Evidence of biphonation and source-filter interactions in the bugles of male North American wapiti (Cervus Canadensis)

Reby, D, Wyman, M T, Frey, R, Passilongo, D, Gilbert, J, Locatelli, Y and Charlton, B D (2016) Evidence of biphonation and source-filter interactions in the bugles of male North American wapiti (Cervus Canadensis). Journal of Experimental Biology, 219. pp. 1224-1236. ISSN 0022-0949

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With an average male body mass of 320 kg, the wapiti, Cervus canadensis, is the largest extant species of Old World deer (Cervinae). Despite this large body size, male wapiti produce whistlelike sexual calls called bugles characterised by an extremely high fundamental frequency. Investigations of the biometry and physiology of the male wapiti’s relatively large larynx have so far failed to account for the production of such a high fundamental frequency. Our examination of spectrograms of male bugles suggested that the complex harmonic structure is best explained by a dual-source model (biphonation), with one source oscillating at a mean of 145 Hz (F0) and the other oscillating independently at an average of 1426 Hz (G0). A combination of anatomical investigations and acoustical modelling indicated that the F0 of male bugles is consistent with the vocal fold dimensions reported in this species, whereas the secondary, much higher source at G0 is more consistent with an aerodynamic whistle produced as air flows rapidly through a narrow supraglottic constriction. We also report a possible interaction between the higher frequency G0 and vocal tract resonances, as G0 transiently locks onto individual formants as the vocal tract is extended. We speculate that male wapiti have evolved such a dualsource phonation to advertise body size at close range (with a relatively low-frequency F0 providing a dense spectrum to highlight size-related information contained in formants) while simultaneously advertising their presence over greater distances using the very highamplitude G0 whistle component.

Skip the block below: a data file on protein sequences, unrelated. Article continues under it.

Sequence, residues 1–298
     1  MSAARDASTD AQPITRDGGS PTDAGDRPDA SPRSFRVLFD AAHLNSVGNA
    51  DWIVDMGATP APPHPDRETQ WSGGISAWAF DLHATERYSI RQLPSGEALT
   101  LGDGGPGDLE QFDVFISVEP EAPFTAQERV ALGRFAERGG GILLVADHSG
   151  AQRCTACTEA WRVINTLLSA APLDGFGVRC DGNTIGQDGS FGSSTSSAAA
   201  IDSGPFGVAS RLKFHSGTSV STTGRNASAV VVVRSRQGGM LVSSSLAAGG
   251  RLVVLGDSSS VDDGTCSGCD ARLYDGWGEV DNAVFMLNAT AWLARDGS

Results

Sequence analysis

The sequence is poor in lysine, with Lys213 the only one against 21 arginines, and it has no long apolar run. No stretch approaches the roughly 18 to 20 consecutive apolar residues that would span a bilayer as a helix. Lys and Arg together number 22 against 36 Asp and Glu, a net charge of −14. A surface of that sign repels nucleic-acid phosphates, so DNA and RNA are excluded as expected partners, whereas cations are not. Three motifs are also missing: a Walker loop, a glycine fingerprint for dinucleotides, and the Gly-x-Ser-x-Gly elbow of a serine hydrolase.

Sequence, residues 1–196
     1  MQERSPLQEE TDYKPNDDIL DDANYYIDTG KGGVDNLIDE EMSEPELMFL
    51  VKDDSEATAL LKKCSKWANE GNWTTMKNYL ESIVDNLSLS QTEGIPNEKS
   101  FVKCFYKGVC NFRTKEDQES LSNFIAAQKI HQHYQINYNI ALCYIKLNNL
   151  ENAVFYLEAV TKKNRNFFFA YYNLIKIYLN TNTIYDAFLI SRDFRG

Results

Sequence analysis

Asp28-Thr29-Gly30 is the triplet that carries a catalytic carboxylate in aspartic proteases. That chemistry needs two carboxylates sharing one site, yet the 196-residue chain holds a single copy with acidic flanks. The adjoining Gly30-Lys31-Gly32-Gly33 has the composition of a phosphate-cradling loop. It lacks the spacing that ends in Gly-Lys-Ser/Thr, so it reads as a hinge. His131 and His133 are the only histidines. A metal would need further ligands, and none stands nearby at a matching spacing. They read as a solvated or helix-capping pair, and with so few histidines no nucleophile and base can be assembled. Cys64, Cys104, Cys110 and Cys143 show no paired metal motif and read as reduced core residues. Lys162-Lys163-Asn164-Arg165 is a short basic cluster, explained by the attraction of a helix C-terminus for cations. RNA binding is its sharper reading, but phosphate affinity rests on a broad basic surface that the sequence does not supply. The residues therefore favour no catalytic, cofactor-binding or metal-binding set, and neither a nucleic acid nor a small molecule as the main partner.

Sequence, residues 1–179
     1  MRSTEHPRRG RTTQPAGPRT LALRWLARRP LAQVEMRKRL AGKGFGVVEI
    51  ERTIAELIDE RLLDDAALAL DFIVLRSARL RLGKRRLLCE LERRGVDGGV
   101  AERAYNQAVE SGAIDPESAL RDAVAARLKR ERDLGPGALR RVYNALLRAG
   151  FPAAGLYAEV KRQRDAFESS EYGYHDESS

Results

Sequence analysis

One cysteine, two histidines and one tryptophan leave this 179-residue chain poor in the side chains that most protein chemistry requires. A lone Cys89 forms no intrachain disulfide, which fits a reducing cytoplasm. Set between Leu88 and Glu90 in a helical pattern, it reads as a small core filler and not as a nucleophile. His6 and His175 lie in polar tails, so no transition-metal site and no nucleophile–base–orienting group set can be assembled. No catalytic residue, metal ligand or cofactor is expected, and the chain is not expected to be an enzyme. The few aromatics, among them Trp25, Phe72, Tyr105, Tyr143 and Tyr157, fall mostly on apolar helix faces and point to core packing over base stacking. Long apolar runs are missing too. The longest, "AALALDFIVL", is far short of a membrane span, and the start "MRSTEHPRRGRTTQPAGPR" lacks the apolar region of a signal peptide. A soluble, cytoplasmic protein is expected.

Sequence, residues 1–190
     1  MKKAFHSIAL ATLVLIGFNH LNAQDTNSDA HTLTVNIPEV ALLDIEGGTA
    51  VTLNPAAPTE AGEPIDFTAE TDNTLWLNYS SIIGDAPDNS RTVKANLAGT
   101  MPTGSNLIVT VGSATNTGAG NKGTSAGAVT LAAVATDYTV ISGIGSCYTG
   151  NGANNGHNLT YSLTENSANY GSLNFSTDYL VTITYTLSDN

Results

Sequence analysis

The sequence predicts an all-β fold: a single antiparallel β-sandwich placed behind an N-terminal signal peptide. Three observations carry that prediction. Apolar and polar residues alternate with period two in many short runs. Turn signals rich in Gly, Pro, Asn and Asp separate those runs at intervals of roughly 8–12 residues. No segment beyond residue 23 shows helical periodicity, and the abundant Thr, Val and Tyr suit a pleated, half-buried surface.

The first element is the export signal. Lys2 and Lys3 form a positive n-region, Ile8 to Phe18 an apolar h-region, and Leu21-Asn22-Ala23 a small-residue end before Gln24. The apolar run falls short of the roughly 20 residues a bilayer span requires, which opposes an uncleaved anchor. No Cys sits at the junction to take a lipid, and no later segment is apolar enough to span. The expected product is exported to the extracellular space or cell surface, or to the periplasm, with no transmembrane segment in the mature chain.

Item Type: Article
Keywords: Vocalisation, Mating call, Elk, Deer, Formants, Whistling
Schools and Departments: School of Psychology > Psychology
Subjects: B Philosophy. Psychology. Religion
Depositing User: Lene Hyltoft
Date Deposited: 17 Feb 2016 12:24
Last Modified: 02 Jul 2019 19:46
URI: http://sro.sussex.ac.uk/id/eprint/59671

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